Kristoffer Myskja

Kristoffer Myskja
Photo: Grethe Hald

A cigarette is pushed up from a row of its peers and fed resolutely into the cigarette holder. Another flexible metal arm swings into place and lights it. The piston ensures that the cigarette is “smoked” and the remaining butt and residue ash is swept off the ramp and onto the floor. Anyone who has ever seen Kristoffer Myskja’s Smoking Machine will never forget it.

Ideas are formed and new sculptures are created, but it takes time to realize ingenious technical mechanisms and solve problems along the way before an artwork finally works as intended. When the artist actually creates every component himself, down to the smallest screw, time in itself becomes a significant factor in the artistic process. 

For Kristoffer Myskja, who began his artistic career as a painter but who from childhood was fascinated by mechanical devices, it was liberating to discover artists such as Jean Tinguely, Gruppo T and Arthur Ganson. Myskja has showed his kinetic sculptures in numerous exhibitions in Norway and abroad, including Ikon Gallery in Birmingham, Malmö Konsthall, and most recently Museum Tinguely in Basel, Switzerland.The machine tools that Myskja uses to create his art are highly analogue. Almost no manual machine tools are produced anymore, so the equipment in his studio dates from the 1950s and 1960s, including the lathe from Switzerland and milling machine from Germany. A machine is by definition designed to lighten our workload, but at the same time it has some kind of addictive influence on us. Understanding the inner workings of a car engine or a computer becomes more difficult as the encapsulated products are developed using increasingly sophisticated solutions. The open form that Myskja seeks to give all his sculptures stands in contrast to the technology that surrounds us. Nothing should be concealed or superfluous; but it should entail a rational, functional approach to the object. The product is its pure function, yet at the same time it represents a play on the concept of machine. The repetitive and consuming act is the machine’s inevitable fate. Kristoffer Myskja does not want the conceptual to dominate. The value of the artwork must lie in the physical, kinetic expression, and in our experience of it.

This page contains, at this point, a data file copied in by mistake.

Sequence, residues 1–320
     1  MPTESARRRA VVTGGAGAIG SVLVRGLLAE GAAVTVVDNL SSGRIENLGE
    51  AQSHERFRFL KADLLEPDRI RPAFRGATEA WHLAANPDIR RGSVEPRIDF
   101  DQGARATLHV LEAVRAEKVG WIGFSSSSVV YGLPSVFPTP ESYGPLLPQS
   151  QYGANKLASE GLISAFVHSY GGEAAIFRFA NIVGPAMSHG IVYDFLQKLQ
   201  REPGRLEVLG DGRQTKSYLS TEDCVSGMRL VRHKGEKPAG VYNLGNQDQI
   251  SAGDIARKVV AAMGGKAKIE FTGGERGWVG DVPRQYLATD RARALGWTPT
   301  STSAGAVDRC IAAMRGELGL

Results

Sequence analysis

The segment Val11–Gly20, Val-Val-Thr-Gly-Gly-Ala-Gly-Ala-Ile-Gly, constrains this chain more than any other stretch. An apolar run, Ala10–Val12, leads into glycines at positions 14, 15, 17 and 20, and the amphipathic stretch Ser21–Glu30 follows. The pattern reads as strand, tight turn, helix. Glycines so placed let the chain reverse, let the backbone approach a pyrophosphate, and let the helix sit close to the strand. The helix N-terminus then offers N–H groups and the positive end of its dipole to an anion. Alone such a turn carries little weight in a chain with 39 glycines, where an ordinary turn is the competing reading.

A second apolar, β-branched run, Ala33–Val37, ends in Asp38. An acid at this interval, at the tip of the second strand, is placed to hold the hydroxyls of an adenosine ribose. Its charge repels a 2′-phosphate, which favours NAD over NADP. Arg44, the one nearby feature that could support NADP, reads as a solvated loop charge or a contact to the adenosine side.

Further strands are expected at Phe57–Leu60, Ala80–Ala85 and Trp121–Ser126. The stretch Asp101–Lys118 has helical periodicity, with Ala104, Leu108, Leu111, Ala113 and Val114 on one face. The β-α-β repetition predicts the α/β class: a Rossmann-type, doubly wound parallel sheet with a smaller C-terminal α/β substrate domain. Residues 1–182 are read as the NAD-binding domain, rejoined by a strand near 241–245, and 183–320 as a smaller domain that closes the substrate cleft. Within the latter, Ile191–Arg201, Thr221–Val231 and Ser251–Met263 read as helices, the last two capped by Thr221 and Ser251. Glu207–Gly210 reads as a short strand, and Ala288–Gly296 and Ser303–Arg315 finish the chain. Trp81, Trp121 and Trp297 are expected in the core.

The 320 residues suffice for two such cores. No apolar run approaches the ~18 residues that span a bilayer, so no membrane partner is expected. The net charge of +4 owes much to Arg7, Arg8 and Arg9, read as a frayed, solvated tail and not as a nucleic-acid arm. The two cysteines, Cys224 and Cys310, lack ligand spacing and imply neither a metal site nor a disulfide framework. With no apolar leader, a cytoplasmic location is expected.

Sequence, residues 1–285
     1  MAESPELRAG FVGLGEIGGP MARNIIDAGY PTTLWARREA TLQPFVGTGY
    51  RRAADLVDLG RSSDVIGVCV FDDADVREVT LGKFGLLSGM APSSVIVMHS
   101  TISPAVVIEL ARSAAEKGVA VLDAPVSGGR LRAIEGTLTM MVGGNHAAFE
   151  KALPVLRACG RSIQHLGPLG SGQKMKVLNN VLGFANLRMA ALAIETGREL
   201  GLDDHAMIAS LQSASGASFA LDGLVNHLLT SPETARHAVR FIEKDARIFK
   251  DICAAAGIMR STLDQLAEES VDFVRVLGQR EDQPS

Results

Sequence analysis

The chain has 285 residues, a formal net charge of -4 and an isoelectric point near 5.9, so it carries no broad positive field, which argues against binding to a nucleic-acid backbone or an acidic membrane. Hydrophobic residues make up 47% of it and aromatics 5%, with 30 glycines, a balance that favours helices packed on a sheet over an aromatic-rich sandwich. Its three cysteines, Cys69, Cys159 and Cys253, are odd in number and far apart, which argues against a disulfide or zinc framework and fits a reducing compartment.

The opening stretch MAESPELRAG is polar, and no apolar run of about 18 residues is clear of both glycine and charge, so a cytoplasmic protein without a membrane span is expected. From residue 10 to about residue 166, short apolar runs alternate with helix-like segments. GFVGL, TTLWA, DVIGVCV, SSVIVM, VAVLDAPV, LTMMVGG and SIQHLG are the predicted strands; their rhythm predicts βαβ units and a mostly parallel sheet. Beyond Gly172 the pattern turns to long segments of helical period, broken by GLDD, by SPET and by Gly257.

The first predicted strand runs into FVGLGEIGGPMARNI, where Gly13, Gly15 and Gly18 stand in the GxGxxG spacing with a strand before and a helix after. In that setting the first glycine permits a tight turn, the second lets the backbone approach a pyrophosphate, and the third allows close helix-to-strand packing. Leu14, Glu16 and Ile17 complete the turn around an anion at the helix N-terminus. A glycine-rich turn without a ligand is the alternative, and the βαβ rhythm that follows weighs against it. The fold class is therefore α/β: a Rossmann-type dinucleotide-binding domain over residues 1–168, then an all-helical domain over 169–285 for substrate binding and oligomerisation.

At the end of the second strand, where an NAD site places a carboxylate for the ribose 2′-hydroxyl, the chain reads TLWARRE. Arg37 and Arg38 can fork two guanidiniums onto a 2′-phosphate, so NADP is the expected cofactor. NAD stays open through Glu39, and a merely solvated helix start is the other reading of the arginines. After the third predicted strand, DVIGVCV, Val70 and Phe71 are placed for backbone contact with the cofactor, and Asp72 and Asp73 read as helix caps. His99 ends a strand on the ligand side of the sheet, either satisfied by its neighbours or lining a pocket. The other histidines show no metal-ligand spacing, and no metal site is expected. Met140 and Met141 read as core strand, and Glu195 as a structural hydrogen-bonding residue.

Text: Grethe Hald
Translation: Glen Farley